A former world No.1 resigned membership from the PGA Tour before playing in this weekend’s inaugural event of the LIV Golf Invitational Series, the latest wave created by the controversial new golf tour bankrolled by the Saudi Arabia Public Investment Fund.
“I chose what’s best for me and my family,” Dustin Johnson told reporters at a press conference on Tuesday.
Johnson reportedly signed a roughly $125 million deal, not including prize money, for his participation in the eight-event LIV series. That haul dwarfs the $74 million in prize money that Johnson made through his 15-year career on the PGA Tour.
Johnson won't be alone: Six-time major champion Phil Mickelson will also be playing at the upcoming event at the Centurion Club north of London, though he hasn’t publicly said he’s leaving the PGA Tour. Other top PGA Tour names, including some former major champions — such as Sergio Garcia, Charl Schwartzel, Louis Oosthuizen, Graeme McDowell, and Lee Westwood — will all be playing, potentially spearheading an exodus from golf's nearly 100-year old tour.
Some of the players immediately lost sponsors. The Royal Bank of Canada pulled its sponsorship with McDowell and Johnson while UPS pulled its sponsorship with Westwood. Callaway, Workday, KPMG, and Heineken have all ended or paused relationships with Mickelson.
But the players are effectively sacrificing those sponsorships to play in the golf's richest-ever tournaments. The Saudi Arabia Public Investment Fund has pledged $255 million in prize money across the eight events, with a $25 million total purse per tournament and guaranteed payouts for all 48 participants.
The PGA Tour, meanwhile, stated that it has not authorized tour members access to play in the league and added: “Members who violate the tournament regulations are subject to disciplinary action.”
And not all of the new league's recruiting has been successful. LIV Golf CEO and famed golfer Greg Norman told the Washington Post that his organization offered Tiger Woods a deal in the "high nine digits."
In a statement, Mickelson highlighted excitement for a “fresh start” with LIV Golf. Reports have pegged Mickelson’s contract with LIV Golf at $200 million. For reference, that’s over $100 million more than Mickelson career prize money earnings ($95 million) earned throughout a 30-year professional career.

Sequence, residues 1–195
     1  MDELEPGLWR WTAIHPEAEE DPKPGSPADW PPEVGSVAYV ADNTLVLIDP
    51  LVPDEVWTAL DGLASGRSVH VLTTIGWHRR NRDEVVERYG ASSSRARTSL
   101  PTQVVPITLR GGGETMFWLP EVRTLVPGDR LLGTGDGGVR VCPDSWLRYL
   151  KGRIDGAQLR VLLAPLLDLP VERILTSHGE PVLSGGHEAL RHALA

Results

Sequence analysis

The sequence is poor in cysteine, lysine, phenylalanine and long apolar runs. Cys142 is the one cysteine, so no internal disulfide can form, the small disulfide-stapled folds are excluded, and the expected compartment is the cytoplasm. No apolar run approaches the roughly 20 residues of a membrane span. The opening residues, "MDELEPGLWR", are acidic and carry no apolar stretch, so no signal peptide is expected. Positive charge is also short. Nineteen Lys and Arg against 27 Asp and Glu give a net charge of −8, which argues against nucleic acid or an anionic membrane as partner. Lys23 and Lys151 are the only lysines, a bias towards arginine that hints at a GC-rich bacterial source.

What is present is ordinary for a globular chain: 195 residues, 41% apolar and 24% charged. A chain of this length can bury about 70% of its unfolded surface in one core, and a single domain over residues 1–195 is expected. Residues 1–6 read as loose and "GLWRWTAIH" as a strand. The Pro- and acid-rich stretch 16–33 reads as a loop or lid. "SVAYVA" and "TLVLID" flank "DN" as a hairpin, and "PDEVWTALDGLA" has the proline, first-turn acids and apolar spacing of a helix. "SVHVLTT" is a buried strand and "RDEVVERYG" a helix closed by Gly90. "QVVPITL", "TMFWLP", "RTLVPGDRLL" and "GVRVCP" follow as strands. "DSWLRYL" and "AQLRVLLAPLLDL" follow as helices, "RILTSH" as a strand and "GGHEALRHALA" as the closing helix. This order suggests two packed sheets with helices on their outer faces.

“I am thrilled to begin with LIV Golf and I appreciate everyone involved,” Mickelson’s statement stated. “I also intend to play the majors. I fully realize and respect that some may disagree with this decision and have strong opinions and I empathize with that.”
The latter part of Mickelson’s statement referenced the controversial nature of the new league. Given the brutal murder of Washington Post journalist Jamal Khashoggi by Saudi government-directed operatives in 2018, among other human rights accusations, members of the sports world have questioned American involvement in a league financially supported by Saudi Arabia Public Investment Fund.
Mickelson previously acknowledged the precarious situation of working with the Saudis, according to a recent book by Alan Shipnuck, in which he referred to the Saudis as “scary motherf******." At the time, Mickelson hadn’t publicly committed to playing for LIV Golf.
“I think we all agree up here, take the Khashoggi situation — we all agree that was reprehensible,” McDowell, 42, said at a news conference ahead of this weekend's event. “No one is going to argue that fact, but we are golfers. Speaking personally, I feel that golf is a force of good in the world. I just try to be a great role model to kids."
As the tournament’s start date approached, Mickelson and other notable names opted for the big payout despite the potential public outcry.
This weekend’s winner will take home $4 million before any other bonuses. In April, Scottie Scheffler received $2.7 million for winning The Masters, one of golf’s premiere events.
“I don’t want to play for the rest of my life,” Johnson told reporters on Tuesday when explaining his defection from PGA to LIV. “This gives me an opportunity to do what I want to do.”
Josh is a producer for Yahoo Finance.